tons of major metals, paper, glass, rubber,  and textiles.  It has  been
estimated that about three-fourths of the total comes from virgin
res.ources; the remaining quarter is obtained from resource recovery
operations.  Virtually all of the recovered materials are derived  from
discards of industrial processing and manufacturing, rather than from
post-consumer waste discarded into the municipal solid waste stream.
     The mixed municipal wastes from our larger urban areas now pose an
environmental problem, but they could be made to generate 830 trillion
BTU's of energy—the equivalent of 400 thousand barrels of oil  per day,
which is nearly a third of the Alaskan pipeline's projected flow.   Seven
percent of our iron, 8 percent of the aluminum, 5 percent of the copper,

3 percent of the lead, 19 percent of the tin, and 14 percent of the paper
consumed each year could be supplied from what is now waste.  And these
are simply the obvious potentials, based on the recovery of mixed resi-
dential and commercial wastes.
     EPA has identified over 60 .major metropolitan areas where mechanical
energy/materials recovery seems feasible.  These areas account for about
180,000 tons of solid waste a day, 66 million tons annually, or more than
half of the municipal waste stream.
     Probably less that 2 percent of the energy and materials available
from1 the municipal waste stream is being recovered 'toxte$-.  Dry fuel pro-
duction and steam recovery incinerators have been demonstrated and are
actually being employed-in a few cities.  Energy recovery by dry or wet,
shredded fuel production as steam and as pyrolytic gas and oil should
become viable, demonstrated technical alternatives by 1980.  Mechanical
materials recovery systems are somewhere between the demonstration and the
operational phases.
     There  is growing evidence that utilities and private fuel users are
beginning to view solid waste as an attractive fuel.  High materials
and energy  prices, along with demands for, environmentally sound disposal
practices,  will no doubt force municipalities to place more attention on
resource recovery as  it becomes more economically competitive with dis-
     Moreover, bills  introduced in the past few years leave little doubt
that Congress is  seeking.ways of  increasing the  incentives for munici-
palities and industries to engage  in widespread  post-consumer resource
recovery "operations.


     Nevertheless, resource recovery must grow in a national  soil  and

climate which, historically, has favored in  countless  ways  the  careless

use of virgin materials and the random and heedless production  and

disposal of wastes.   Oblique attention is just beginning to be  slightly
focussed on the inhibitions to resource recovery which are  inherent in

our tax structure, depletion allowances, transportation rates,  and tradi-

tional attitudes.

     Since even a  doubling of current projections of resource recovery

plant installations by 1985 would still leave over 70  percent of the

municipal solid waste stream unrecovered--or 14.5 million tons destined

for disposal—it is clear that waste reduction alternatives must be

given serious consideration.  Local'public agencies, whose  solixd waste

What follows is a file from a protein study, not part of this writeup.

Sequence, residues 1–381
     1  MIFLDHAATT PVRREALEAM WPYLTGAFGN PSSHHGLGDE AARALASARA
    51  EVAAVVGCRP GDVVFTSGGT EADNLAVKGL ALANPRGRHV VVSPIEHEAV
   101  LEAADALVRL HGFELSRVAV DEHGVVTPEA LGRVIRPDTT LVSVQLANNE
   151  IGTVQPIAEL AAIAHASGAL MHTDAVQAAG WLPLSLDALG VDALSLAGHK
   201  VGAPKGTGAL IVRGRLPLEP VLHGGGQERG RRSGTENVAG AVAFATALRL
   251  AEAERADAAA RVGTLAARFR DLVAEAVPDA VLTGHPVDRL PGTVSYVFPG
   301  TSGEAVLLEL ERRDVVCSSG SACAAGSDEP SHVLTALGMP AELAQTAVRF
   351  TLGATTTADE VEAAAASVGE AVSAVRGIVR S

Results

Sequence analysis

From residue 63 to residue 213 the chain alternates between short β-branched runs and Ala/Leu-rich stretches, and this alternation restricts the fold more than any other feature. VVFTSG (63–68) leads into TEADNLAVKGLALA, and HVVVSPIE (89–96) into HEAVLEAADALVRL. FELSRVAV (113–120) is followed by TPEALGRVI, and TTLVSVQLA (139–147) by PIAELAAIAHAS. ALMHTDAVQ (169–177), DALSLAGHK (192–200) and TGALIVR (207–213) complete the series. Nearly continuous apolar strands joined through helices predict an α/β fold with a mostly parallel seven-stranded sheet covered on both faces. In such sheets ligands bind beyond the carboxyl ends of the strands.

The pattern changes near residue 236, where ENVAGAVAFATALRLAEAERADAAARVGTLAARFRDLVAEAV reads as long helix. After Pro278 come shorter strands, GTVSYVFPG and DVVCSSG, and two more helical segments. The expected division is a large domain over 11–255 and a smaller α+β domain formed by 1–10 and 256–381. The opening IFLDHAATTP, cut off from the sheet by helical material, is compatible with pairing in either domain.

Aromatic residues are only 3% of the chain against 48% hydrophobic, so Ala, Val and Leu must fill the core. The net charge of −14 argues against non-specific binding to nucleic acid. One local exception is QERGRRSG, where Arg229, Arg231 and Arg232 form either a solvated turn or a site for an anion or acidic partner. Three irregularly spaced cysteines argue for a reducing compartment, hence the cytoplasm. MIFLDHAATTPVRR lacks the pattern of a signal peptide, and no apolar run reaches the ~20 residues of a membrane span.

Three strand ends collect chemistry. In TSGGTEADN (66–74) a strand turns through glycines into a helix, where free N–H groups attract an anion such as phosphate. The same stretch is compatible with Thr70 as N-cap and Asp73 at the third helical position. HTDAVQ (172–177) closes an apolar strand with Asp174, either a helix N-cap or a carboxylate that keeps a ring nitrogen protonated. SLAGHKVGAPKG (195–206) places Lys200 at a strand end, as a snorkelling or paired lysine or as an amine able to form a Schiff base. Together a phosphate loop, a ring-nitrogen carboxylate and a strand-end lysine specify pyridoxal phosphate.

management expenditures dwarf those of the State and Federal  levels, have

virtually no influence over the types and quantities of wastes  produced.

Yet we continue to close our eyes to the fact that the producer of what

ultimately becomes waste bases his decisions on the cos'ts that  he

directly experiences, not on the costs incurred by those who must dis-

pose of the wastes.

     Waste reduction touches most directly at the heart of  the  environ-
mental issue.  The furor it has caused has been focussed primarily on

packaging, but this may be deceptive, for the issue raises  a central

question which has very disturbing implications for those who hold the

view that high energy/materials use and high consumption are necessarily

the hallmark of a  technologically advanced society.  Behind the excess

packaging and the returnable versus the nonreturnable beverage  container
arguments lie more serious issues concerning,  for example,  long-lived
tires, more durable appliances, smaller cars,  more renovation in  general
and less demolition, and could involve the redesign of many thousands  of
products to make them require less energy, use less material., and last
     Packaging activity in the United States has grown at a very  rapid
rate over recent decades.--Shipments of containers^and packaging  were
valued at $19.7 billion in 1971, an increase of 5 percent since 1970,  and
an increase of 82 percent since 1960.
     The growth of packaging consumption has led to increased consump-
tion of raw materials and energy, and an increased rate of generation
of solid waste.  In 1971, packaging accounted  for approximately 47 percent
of all paper production, 14 percent of aluminum production, 75 percent
of glass production, more than 8 percent of steel production, and
approximately 29 percent of plastic production.  At that time, energy
used for production of packaging materials represented an estimated 5
percent of total U.S. industrial energy consumption.
     Post-consumer solid waste resulting from the discard of packaging
material was estimated at between 40 and 50 million tons in 1971.
Packaging was thus estimated to be between 30 and 40 percent of municipal
solid waste, based on the EPA estimate of 125 million tons of municipal
solid waste in 1971.
     The leading edge of the packaging controversy has to do with the